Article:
A little progress each day adds up to big results!
I had a great call with my editor this afternoon, and I was excited because I was finally going to see the edits she had made to Montagnard. Unfortunately, this turned out to be precisely what did not happen. There will be a delay of a couple of days.
However, we did go over some of the notes she had jotted down during her editing process. For example. there were comments like:
Pace and flow are very good. Great character development. Good detail, but not overboard. No Fluff.
The narrative speaks to the reader. Good dialogue. Shows, not tell. Likes the word “however” a bit too much. (Corrected)
Great how friendship is developed among the team members.
Romance is good, well-done. Didn’t make me roll my eyes!
Spaghetti and meatballs are Italian/American. Won’t find in Northern Italy. (Corrected)
I was flabbergasted when she said, “I would put this work up against the top writers in the genre. The book is fantastic – very well written.
So then, what is the hold up, you may ask.
Montagnard is now being reviewed by subject matter experts!
My editor comes from a Navy family – with a long history of military service and many retired military friends. It seems she thought the book was good enough that she wanted to share it with some subject-matter experts and get some feedback from them.
So, Montagnard is now in the hands of several clandestine readers. I can’t say anymore, or they might have to kill me. That would not be good because I want to write a few more books.
One expert has responded, stating, “It doesn’t bother me.” And, according to my editor, that is very high praise indeed. This particular person doesn’t normally like to read stuff like this because it usually upsets him, leading to comments like, “They wouldn’t do that,” “You couldn’t make that shot with a rifle like that,” or simply, “That’s bullshit!” We are awaiting feedback from the remaining three. Hopefully, in the next day or two.
While I was initially disappointed by the delay. I am now thrilled. Folks, I really think it’s going to be pretty darn good. I do hope you will want to check it out.
And it made my entire year! I should have the edited copy back by the end of the week and will soon be able to schedule the release date. It is a struggle to be patient with this process. While I seem to have endless patience with other people, I have never been very patient with myself. I am learning, however.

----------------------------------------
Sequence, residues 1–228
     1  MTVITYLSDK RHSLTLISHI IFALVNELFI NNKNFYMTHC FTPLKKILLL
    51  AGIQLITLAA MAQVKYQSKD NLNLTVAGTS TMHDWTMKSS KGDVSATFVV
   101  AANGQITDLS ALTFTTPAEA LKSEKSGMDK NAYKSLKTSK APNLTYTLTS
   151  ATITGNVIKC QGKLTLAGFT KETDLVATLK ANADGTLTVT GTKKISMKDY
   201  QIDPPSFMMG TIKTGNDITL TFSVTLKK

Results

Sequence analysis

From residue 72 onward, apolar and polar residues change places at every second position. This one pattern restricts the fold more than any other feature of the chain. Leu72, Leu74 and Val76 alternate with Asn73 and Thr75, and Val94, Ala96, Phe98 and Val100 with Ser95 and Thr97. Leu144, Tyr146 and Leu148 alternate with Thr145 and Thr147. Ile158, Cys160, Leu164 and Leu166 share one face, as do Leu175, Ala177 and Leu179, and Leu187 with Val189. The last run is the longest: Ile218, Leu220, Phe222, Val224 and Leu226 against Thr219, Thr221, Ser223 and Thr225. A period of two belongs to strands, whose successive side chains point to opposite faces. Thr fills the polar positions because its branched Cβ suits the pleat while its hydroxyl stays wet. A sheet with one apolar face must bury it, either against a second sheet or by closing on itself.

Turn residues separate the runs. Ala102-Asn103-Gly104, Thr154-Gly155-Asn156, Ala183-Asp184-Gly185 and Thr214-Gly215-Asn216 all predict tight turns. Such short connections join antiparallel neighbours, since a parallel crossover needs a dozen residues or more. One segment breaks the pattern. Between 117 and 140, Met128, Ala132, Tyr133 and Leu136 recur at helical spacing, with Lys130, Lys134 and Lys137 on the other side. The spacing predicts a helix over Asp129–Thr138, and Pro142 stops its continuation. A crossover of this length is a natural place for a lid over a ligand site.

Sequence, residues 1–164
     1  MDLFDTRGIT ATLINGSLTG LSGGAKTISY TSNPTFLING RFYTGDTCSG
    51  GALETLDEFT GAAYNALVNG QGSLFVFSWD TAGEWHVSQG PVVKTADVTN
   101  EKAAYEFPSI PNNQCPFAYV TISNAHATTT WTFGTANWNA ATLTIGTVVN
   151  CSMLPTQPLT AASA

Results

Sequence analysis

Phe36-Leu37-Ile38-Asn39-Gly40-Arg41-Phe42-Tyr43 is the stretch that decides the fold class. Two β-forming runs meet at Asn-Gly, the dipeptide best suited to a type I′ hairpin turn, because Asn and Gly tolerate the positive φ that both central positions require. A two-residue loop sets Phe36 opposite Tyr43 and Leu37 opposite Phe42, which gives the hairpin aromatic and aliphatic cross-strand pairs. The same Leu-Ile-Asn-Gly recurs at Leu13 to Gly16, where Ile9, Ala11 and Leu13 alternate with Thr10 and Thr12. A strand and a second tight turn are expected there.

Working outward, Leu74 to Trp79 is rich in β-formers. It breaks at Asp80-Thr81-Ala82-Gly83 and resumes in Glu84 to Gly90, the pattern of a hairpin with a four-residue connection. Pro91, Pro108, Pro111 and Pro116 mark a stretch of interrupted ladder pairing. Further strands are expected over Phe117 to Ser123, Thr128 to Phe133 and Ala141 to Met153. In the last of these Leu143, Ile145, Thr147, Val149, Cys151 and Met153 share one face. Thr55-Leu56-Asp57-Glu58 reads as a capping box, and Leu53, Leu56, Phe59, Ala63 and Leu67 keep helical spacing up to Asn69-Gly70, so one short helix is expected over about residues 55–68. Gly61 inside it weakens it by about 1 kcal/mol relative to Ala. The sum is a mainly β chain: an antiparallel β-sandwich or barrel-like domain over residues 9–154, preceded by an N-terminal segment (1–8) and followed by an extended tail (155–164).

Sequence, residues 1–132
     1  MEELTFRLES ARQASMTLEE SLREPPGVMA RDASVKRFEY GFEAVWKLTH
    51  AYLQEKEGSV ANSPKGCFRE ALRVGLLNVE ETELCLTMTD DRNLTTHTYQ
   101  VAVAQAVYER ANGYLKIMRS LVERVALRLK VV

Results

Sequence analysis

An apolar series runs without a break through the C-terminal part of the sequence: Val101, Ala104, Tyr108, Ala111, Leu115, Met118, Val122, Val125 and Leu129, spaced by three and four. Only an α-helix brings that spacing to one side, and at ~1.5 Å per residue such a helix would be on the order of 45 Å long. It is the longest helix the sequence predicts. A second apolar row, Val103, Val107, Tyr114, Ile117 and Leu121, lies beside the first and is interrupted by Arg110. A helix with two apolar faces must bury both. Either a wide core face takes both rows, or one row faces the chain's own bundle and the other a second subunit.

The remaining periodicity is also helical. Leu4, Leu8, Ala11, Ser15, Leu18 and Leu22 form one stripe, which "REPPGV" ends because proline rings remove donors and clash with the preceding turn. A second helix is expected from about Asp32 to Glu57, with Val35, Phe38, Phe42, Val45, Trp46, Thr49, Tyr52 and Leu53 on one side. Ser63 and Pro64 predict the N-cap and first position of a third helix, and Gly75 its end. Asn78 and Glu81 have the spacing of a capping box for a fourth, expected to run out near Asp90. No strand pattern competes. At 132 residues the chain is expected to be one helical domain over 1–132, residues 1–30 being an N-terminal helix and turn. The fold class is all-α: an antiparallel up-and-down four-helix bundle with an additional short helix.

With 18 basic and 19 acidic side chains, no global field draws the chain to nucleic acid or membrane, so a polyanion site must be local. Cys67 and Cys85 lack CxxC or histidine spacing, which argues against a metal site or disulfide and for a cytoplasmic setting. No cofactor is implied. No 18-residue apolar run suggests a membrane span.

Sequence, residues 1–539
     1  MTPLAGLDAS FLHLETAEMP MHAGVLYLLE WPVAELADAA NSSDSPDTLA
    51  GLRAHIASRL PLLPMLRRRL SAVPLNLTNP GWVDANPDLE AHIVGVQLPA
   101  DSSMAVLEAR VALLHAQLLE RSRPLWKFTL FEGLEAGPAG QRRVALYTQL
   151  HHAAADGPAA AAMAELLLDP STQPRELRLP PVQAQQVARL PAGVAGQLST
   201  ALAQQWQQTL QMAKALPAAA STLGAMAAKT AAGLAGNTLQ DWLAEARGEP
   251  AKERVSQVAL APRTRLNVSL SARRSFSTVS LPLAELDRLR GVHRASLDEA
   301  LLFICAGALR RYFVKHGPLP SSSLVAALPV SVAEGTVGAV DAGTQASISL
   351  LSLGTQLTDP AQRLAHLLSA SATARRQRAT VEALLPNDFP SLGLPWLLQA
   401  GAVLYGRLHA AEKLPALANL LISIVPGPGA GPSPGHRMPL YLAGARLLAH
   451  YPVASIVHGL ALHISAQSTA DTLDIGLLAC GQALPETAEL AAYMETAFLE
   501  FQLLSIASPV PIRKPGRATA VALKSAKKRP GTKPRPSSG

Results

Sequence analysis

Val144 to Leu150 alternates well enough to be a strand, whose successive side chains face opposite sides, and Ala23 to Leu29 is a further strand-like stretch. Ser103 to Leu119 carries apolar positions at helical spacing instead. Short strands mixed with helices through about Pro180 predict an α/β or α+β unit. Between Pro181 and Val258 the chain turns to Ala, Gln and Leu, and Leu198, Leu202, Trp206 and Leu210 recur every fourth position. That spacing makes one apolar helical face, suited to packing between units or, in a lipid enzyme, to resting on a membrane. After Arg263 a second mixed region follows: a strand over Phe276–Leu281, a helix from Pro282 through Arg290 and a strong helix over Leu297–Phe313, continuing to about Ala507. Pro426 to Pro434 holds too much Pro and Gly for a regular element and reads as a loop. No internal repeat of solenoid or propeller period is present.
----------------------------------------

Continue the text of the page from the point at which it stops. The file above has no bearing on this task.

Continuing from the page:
My editor is Beth Kallman Werner, the Founder and President of Author Connections, and author of Real Women’s Stories 2018. Real Women’s Stories is a collection of stories written by strong, independent women. It tells the tales of mothers, daughters, women who survived violence and abuse, built empires, traded routine for adventures, honored their families, and share thought-provoking stories that give new meaning to the term “going home.”
About Montagnard …
It seems the whole world is on hold for a bit. Thankfully, books carry on! I’m finishing up the first round. The book is fantastic.
… I’m thankful that even in quarantine, I can be outdoors in a private space … Thank you for the distraction of MONTAGNARD. I’ll always remember what I worked on this year.
Beth Kallman Werner
So, thank you, Beth, for the great comment and encouragement. I can’t wait to get the book back and continue on with the publishing process. And for those who are willing to give Montagnard a read, I really think you will enjoy it.
I believe Montagnard will read well as a stand-alone novel; however, a few sections might make a bit more sense to the reader if they have first read the book, Serpents Underfoot. Granted, it was my first, and there are a few uneven spots early on, but it smooths out nicely and is still a great read.
No Gray Areas … The Autobiography of Stuart Hopkins
Stuart Hopkins is truly a real-life ‘Piano Man.” In his autobiography, No Gray Areas, Hopkins writes of his life experiences as an international hotel pianist. It is indeed quite a story, and one that will tug at your heartstrings.
From his early childhood years living with a distant, abusive father and his alcoholic mother to working as a pianist in some of the finest hotels in Southeast Asia, Stuart Hopkin’s life story runs the complete gamut from wondrous and magnificent experiences to seeing first hand some of the worst tragedy, heartbreak, and sadness life can send our way. Beginning with his first paid gig at age fifteen at the Broom Grange Hotel near his home to gigs on ships and international hotels, and through several near brushes with death, No Gray Areas, tells the fascinating tales of human interaction, some hilarious and some tragic.
Thailand Tsunami of 2004
In his autobiography, Hopkins tells the tale of working at a hotel in Phuket, Thailand during the Tsunami of 2004. He writes about families comforting each other in the hotel lobby bar,. These people are just happy to still be together after such a disaster. Guests were comforting complete strangers. Members of the hotel staff were hugging and crying with guests. The author writes, “The most heartbreaking thing I saw were those guests who’d come to Thailand with their loved ones. Many who would be traveling home next to an empty seat.”
Hopkins survived the tragic Tsunami in Thailand as well as three months spent in a brutal Thai prison on false charges of fraud. He writes of having a beer in a ship’s bar with the ghost of his long dead brother. In addition, he tells of breaking a long-standing 30-year soloing record at Norwich Flying School. These are just a few of the stories readers of this compelling autobiography will enjoy.